A Month of Kurosawa: Dodes’ka-Den (1970)

To celebrate the upcoming release of my book, Akira Kurosawa: A Viewer’s Guide, due out Dec. 15 from Rowman & Littlefield — preorder here! — I’ll be doing capsule reviews all month covering every single Kurosawa film and posting (very) brief excerpts. These will be short impressions and recommendations, nothing more. For a full, detailed analysis of each, grab the book!

Dodes’ka-Den (1970)

By the late 1960s, Akira Kurosawa’s career had somewhat skidded off the rails. The situation is too complex with these quickie capsule reviews, but the bottom line is that Toshiro Mifune was out of the picture, Kurosawa was increasingly seen as behind the times, and the director struggled to get funding for his films.

That’s the situation in which he made Dodes’ka-Den, his first color film and a bleak portrayal of poverty in Japan.

Much like his previous work, Red Beard, this picture presents a series of vignettes rather than a single focused narrative. It has a large cast of eclectic characters, each struggling and suffering in their own way, and doesn’t really drive towards any specific goal or end. Instead, it’s just a series of glimpses into their difficult lives. A father and son imagining a better life. A young woman forced to labor under an abusive uncle. Two drunks who routinely swap wives. A (possibly autistic) boy who lives in a world of fantasy. And many others. From the book:

Much like in The Lower Depths, these are tales of human frailty; of the need for connection with others; of suffering; of small joys and triumphs; of loss; and of being stuck in a cycle of existence that is terribly difficult, if not impossible, to break. Each tale weaves its way through comedy and tragedy; joy and heartbreak; pleasure and pain. Roger Ebert noted that they all “seem doomed to learn little, to repeat their mistakes, to be trapped by the system that relegated them to the trash heap in the first place.”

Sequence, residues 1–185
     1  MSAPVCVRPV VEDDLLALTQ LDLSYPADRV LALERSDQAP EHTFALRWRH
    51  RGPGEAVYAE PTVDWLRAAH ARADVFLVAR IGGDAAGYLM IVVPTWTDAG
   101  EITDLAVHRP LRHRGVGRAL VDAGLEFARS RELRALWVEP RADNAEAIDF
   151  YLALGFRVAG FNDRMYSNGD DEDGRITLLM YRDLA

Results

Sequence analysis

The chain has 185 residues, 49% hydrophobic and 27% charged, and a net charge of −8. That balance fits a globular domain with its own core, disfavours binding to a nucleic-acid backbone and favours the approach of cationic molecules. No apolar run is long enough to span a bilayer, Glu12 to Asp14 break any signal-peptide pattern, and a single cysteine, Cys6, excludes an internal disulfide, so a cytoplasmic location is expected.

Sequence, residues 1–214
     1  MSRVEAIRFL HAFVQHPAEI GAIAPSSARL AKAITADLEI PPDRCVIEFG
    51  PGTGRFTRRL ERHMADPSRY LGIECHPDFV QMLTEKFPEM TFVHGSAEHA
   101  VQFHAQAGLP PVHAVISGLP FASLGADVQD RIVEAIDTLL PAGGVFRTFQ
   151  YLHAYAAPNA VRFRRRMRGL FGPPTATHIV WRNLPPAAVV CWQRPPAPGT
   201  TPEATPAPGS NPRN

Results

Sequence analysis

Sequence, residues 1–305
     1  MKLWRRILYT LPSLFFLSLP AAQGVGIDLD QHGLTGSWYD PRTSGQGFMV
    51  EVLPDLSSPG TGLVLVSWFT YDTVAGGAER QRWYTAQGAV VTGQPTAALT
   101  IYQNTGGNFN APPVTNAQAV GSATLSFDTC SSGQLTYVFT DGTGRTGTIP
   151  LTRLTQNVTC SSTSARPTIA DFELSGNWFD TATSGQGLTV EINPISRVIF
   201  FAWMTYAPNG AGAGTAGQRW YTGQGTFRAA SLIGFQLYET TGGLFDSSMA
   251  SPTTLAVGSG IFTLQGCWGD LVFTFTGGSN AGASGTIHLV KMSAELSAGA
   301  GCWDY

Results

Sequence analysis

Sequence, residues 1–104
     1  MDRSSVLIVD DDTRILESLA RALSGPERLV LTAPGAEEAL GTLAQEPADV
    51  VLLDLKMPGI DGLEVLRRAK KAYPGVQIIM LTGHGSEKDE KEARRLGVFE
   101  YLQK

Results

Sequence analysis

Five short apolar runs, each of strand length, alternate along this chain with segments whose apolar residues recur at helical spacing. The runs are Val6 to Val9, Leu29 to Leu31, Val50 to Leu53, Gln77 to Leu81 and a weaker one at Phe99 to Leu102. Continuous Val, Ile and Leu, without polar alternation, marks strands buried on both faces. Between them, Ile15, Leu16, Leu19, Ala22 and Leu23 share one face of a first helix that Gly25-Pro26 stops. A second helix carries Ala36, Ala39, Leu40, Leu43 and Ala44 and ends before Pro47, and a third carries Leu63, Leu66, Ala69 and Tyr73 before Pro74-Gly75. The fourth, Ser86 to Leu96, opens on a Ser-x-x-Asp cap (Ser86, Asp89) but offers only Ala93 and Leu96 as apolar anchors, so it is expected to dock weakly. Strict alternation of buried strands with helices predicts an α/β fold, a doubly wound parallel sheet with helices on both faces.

This is a film widely considered a failure for Kurosawa, though that’s a sentiment I disagree with. His use of color is vivid and beautiful. The tiny stories he tells are heartbreaking and real. And the masterful way in which he paints the lives of these varied people shows that he still had a talent for getting inside what makes us tick. It doesn’t rank among his best, no, but there is a lot to like here.

From the book:

The film is unfocused and lacking in a clear narrative drive, yes, and it often fails to be as gripping as his best work, but as a series of interwoven character sketches it’s a beautiful experiment in color and character and style, and one that emphasizes a focus on highlighting the lives of the unfortunate and downtrodden that had been a hallmark of Akira Kurosawa’s work from the very beginning.

So for me, I say disregard critical consensus and consider giving this one a look. If you are a fan of Kurosawa when he explores the lives of the downtrodden, you’ll find a lot to enjoy here.

Check out my upcoming book for a full analysis exploring this film’s ideas, themes, good points, and bad

You can get the movie in excellent edition by the Criterion Collection.


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